Kapunda Road Royal Commission - Hit-run lawyer's evidence 'was wrong'


New Member
Apr 11, 2003
News from the South Australian Kapunda Road Royal Commission into Eugene McGee trial. And Ian Humphreys death.

Lets all make damn sure that the Wheels of Justice rides a fortnight back are only the beginning of a longterm movement to change attitudes of all road users and the legal fraternity. If you're concerned, ****** off etc, then it's time make that positive step towards taking action, so that cyclists are not continually treated like second class citizens. It's up to you.

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Bicycle Justice blog:
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Hit-run lawyer's evidence 'was wrong'
EVIDENCE that criminal lawyer Eugene McGee gave at his trial for the hit-run death of cyclist Ian Humphrey was wrong, the accident's key witness yesterday told the Kapunda Road Royal Commission.

Anthony Felice also told the commission he believed McGee was driving at up to 130km/h prior to the accident. He rejected McGee's evidence, given at his District Court trial in April, in which the lawyer said he was 25m-30m behind Mr Felice's car and attempting to overtake him when he struck Mr Humphrey. Mr Felice, during cross examination yesterday, told Grant Niemann, counsel assisting the commission, that McGee was between 70m and 100m behind him and was not attempting to overtake him at the time of the accident.

He said that after watching McGee's Pajero hit Mr Humphrey in his rear vision mirror, he pulled over, but McGee had kept going and continued to drive past him. "I tooted my horn at him and I think he sped up then," Mr Felice told Mr Niemann. Mr Felice, who gave evidence before McGee in the District Court trial, did not get the chance to refute McGee's testimony in front of the jury, because he was never asked by the prosecution to do so.

Mr Felice's evidence yesterday to the commission was in stark contrast to evidence given by McGee on April 12 during his trial. "I moved my car to the right . . I can see (another) car was still coming (and) I knew I wouldn't be able to continue and overtake," McGee said in evidence.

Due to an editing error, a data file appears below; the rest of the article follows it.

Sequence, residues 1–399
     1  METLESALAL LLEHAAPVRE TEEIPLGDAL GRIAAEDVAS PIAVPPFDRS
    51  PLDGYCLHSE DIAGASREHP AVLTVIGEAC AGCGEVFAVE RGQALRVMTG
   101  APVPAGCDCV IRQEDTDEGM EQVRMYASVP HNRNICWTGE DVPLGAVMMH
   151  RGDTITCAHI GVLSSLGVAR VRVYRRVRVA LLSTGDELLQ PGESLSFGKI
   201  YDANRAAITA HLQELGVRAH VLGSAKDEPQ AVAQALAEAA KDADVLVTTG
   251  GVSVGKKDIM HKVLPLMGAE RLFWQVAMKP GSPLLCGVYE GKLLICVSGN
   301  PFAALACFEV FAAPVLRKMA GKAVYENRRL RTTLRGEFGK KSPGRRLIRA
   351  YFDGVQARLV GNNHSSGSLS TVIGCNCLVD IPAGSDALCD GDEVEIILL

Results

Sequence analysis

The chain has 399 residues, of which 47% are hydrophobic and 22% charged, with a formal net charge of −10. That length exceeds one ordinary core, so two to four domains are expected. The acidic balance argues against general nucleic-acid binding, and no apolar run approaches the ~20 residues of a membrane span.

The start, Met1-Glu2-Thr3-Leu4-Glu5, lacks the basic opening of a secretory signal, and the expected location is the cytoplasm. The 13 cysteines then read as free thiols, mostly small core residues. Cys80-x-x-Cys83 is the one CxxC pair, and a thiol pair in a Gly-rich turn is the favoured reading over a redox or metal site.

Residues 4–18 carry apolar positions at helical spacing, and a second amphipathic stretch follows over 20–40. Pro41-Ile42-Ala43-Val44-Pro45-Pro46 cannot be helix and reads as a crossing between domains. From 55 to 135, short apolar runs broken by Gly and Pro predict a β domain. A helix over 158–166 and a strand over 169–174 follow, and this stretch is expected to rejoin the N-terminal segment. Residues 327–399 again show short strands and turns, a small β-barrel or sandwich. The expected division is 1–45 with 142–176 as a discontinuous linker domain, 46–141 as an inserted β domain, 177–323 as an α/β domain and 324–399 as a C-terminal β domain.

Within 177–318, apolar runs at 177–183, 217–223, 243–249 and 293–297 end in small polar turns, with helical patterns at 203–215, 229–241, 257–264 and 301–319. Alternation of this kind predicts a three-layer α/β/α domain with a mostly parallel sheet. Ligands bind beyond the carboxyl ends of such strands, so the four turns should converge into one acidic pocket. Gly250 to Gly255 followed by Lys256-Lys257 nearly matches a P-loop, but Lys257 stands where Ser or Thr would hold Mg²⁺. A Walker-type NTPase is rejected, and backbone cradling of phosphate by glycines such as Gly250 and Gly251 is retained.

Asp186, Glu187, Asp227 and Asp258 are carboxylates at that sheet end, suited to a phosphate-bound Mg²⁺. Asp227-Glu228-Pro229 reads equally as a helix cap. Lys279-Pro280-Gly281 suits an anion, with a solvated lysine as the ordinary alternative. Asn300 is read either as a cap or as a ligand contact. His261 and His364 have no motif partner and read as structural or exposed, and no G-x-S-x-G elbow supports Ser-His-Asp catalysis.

"As I was moving back into the left (lane) . . still looking for the oncoming car, there was just a sudden flash to my left. I looked to my left and there was a person. The front of the car was colliding with a person."

Mr Felice yesterday vehemently disputed McGee's claim that he was attempting to pass him, stating at "no stage he was trying to pass me." "If there's a car behind me and it's going to pass me, I know it's going to pass me," he told Mr Neimann. "He was never that close to me and him in a four-wheel drive over my little car he could see straight over the roof. "He'd see anything else coming. he wouldn't have to pull out."

During the District Court trial, Mr Felice was only ever recalled briefly to clarify the distance between his vehicle and that driven by McGee. Asked by Mr Neimann yesterday if he would have been prepared to cooperate with the "police and the prosecution" and come forward again if he had been called upon, Mr Felice replied: "Yes, I would have."

Commissioner Greg James QC then asked Mr Felice if, after he had given evidence the first time, anyone had asked him "whether you could say anything on the issue of whether or not McGee had moved his vehicle out toward the right hand side of the road in a manoeuvre apparently designed to commence or prepare for overtaking your vehicle?"

Mr Felice replied: "No, sir."

Whether Mr Felice was given a proper opportunity in the District Court trial to give evidence about his observations is one of the commission's nine terms of reference.

Mr Felice said yesterday that when he first noticed McGee's Pajero in his rear vision mirror it was gaining on his Mitsubishi Lancer rapidly.

Asked by Mr Niemann if he could estimate if McGee's Pajero was travelling significantly faster than him, Mr Felice replied: "to catch up to me . . he would have had to have been doing well over 120, 130 k's an hour."

He also said at one point McGee had been driving so close to him, he had been able to obtain a description of him.

McGee was acquitted of causing death by dangerous driving but convicted of driving without due care and failure to stop and render assistance following an accident. His sentence was a $3100 fine and 12-month driving suspension.

Mr Felice was the first witness actually involved in the McGee case to give evidence to the commission, which is examining aspects of the police investigation and prosecution of Eugene McGee.

Prior to their submissions Mr James again clashed with lawyer Rick Halliday, representing SAPOL, over the provision of documents to the commission.

Mr James asked police to provide even more documents, this time relating to the investigation of road crashes and police procedures.

Tamyka Bell

cfsmtb wrote:
> News from the South Australian Kapunda Road Royal Commission into Eugene
> McGee trial. And Ian Humphreys death.


I'm not a religious woman, but God Bless Mr Felice.

And congratulations to all those involved for the great work done so far
in increasing awareness of this case.